other woman. How often have I heard you say, that children should be always suffered to chuse for themselves, and that you would let my cousin Harriet do so?” “Why, ay,” replied the old gentleman, “so I would have them; but then I would have them chuse wisely.—Indeed, Jack, you must and shall leave the girl.”— “Indeed, uncle,” cries the other, “I must and will have her.” “You will, young gentleman!” said the uncle; “I did not expect such a word from you. I should not wonder if you had used such language to your father, who hath always treated you like a dog, and kept you at the distance which a tyrant preserves over his subjects; but I, who have lived with you upon an equal footing, might surely expect better usage: but I know how to account for it all: it is all owing to your preposterous education, in which I have had too little share. There is my daughter, now, whom I have brought up as my friend, never doth anything without my advice, nor ever refuses to take it when I give it her.” “You have never yet given her advice in an affair of this kind,” said Nightingale; “for I am greatly mistaken in my cousin, if she would be very ready to obey even your most positive commands in abandoning her inclinations.” “Don’t abuse my girl,” answered the old gentleman with some emotion; “don’t abuse my Harriet. I have brought her up to have no inclinations contrary to my own. By suffering her to do whatever she pleases, I have enured her to a habit of being pleased to do whatever I like.” “Pardon me, sir,” said Nightingale, “I have not the least design to reflect on my cousin, for whom I have the greatest esteem; and indeed I am convinced you will never put her to so severe a tryal, or lay such hard commands on her as you would do on me.—But, dear sir, let us return to the company; for they will begin to be uneasy at our long absence. I must beg one favour of my dear uncle, which is that he would not say anything to shock the poor girl or her mother.” “Oh! you need not fear me,” answered he, “I understand myself too well too affront women; so I will readily grant you that favour; and in return I must expect another of you.” “There are but few of your commands, sir,” said Nightingale, “which I shall not very chearfully obey.” “Nay, sir, I ask nothing,” said the uncle, “but the honour of your company home to my lodging, that I may reason the case a little more fully with you; for I would, if possible, have the satisfaction of preserving my family, notwithstanding the headstrong folly of my brother, who, in his opinion, is the wisest man in the world.”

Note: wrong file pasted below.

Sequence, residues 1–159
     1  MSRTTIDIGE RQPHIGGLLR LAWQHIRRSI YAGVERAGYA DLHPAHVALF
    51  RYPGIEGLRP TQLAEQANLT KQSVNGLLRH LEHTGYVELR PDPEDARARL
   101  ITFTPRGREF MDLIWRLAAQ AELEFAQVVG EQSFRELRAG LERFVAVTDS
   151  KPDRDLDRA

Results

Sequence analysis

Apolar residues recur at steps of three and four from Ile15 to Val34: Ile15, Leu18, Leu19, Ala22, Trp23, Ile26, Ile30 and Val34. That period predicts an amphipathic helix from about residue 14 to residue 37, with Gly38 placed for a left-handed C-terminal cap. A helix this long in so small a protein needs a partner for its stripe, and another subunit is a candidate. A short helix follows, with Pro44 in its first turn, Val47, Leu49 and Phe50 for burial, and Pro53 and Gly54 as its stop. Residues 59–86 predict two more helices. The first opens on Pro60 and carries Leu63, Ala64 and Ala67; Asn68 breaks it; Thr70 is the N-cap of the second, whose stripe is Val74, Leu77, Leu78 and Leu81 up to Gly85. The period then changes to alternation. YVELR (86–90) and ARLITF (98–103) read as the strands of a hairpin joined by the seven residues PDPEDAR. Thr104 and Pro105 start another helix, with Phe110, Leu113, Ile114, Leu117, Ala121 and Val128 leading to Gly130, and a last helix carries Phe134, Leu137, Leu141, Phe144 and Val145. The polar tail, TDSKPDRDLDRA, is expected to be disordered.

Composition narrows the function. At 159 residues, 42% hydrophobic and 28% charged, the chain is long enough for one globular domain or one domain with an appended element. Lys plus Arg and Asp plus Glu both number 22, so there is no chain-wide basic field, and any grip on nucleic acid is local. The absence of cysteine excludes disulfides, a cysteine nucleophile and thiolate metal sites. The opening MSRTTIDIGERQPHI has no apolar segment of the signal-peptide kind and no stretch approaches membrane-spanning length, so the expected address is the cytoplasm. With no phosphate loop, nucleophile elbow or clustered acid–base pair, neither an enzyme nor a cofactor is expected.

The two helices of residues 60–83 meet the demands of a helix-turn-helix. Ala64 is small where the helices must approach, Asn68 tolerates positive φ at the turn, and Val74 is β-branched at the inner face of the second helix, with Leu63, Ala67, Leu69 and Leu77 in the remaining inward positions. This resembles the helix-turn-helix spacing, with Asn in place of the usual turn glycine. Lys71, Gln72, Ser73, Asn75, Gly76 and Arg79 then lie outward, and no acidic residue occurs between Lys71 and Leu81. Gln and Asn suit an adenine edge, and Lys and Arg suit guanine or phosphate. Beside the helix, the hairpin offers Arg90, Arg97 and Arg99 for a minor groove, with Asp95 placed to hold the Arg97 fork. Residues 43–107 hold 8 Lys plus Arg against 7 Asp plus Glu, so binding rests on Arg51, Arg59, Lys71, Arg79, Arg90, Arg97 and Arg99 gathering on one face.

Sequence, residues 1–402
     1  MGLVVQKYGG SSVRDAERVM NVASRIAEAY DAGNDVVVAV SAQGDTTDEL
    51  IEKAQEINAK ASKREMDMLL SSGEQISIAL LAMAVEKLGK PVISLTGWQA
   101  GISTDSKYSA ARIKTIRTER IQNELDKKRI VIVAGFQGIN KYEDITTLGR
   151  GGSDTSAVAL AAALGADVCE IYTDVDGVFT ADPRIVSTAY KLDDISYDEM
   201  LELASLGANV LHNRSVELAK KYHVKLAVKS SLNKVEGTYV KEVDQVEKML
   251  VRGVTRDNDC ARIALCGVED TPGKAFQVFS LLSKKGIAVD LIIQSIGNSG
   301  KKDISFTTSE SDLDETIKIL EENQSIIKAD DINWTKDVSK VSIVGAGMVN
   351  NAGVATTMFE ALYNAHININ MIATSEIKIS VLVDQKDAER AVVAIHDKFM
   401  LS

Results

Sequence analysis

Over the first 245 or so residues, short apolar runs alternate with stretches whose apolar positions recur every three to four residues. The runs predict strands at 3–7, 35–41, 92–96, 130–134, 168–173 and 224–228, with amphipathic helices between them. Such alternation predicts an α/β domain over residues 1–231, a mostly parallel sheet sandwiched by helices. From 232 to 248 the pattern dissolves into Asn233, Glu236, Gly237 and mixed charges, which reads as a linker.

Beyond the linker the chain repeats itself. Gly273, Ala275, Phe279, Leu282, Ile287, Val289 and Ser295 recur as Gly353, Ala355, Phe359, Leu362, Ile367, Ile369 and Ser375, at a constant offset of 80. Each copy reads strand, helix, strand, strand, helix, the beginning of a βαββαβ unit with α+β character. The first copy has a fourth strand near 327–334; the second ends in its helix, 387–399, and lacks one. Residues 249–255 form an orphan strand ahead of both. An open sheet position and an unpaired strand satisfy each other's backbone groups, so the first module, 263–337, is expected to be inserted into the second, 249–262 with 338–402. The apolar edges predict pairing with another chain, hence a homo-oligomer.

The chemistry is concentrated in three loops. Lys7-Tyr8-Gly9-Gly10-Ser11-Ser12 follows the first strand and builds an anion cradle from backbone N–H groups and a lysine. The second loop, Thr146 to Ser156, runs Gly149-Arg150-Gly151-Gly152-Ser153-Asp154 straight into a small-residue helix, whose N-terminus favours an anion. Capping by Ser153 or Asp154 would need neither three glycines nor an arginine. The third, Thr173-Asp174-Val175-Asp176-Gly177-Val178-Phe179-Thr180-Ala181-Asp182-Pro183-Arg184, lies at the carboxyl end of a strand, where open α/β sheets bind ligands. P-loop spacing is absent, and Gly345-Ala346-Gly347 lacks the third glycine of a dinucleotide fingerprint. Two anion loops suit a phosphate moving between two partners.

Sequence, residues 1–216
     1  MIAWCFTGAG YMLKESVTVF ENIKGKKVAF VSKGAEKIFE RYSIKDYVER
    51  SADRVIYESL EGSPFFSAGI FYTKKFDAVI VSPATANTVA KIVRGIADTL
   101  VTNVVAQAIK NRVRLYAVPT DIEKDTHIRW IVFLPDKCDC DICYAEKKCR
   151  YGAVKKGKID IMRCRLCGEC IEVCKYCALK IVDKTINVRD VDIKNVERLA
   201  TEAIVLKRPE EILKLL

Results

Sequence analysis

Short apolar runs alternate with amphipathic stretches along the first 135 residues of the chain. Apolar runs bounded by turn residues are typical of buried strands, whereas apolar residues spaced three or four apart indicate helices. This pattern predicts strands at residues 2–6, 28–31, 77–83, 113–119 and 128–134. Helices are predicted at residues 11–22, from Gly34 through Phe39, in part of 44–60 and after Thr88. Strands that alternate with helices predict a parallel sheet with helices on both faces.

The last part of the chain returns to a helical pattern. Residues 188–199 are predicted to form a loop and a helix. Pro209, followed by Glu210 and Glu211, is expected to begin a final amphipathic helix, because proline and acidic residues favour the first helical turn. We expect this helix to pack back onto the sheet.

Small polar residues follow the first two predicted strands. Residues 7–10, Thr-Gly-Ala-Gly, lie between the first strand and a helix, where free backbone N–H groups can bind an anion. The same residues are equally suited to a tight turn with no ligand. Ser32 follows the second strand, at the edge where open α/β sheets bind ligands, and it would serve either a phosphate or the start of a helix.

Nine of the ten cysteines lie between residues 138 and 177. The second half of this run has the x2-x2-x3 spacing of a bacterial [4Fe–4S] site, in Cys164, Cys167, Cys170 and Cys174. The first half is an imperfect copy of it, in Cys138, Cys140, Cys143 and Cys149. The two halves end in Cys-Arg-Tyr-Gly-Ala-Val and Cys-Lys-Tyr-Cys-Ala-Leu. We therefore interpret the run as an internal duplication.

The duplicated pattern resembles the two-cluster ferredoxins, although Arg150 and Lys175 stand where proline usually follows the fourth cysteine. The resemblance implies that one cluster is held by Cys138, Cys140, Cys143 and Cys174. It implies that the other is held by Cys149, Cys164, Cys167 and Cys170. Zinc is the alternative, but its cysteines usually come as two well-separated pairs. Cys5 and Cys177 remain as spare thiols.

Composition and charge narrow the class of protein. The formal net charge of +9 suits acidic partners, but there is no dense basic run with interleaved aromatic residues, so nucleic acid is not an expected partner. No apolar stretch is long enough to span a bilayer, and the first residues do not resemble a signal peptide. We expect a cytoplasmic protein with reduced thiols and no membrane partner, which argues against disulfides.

Nightingale, who well knew his uncle to be as headstrong as his father, submitted to attend him home, and then they both returned back into the room, where the old gentleman promised to carry himself with the same decorum which he had before maintained.

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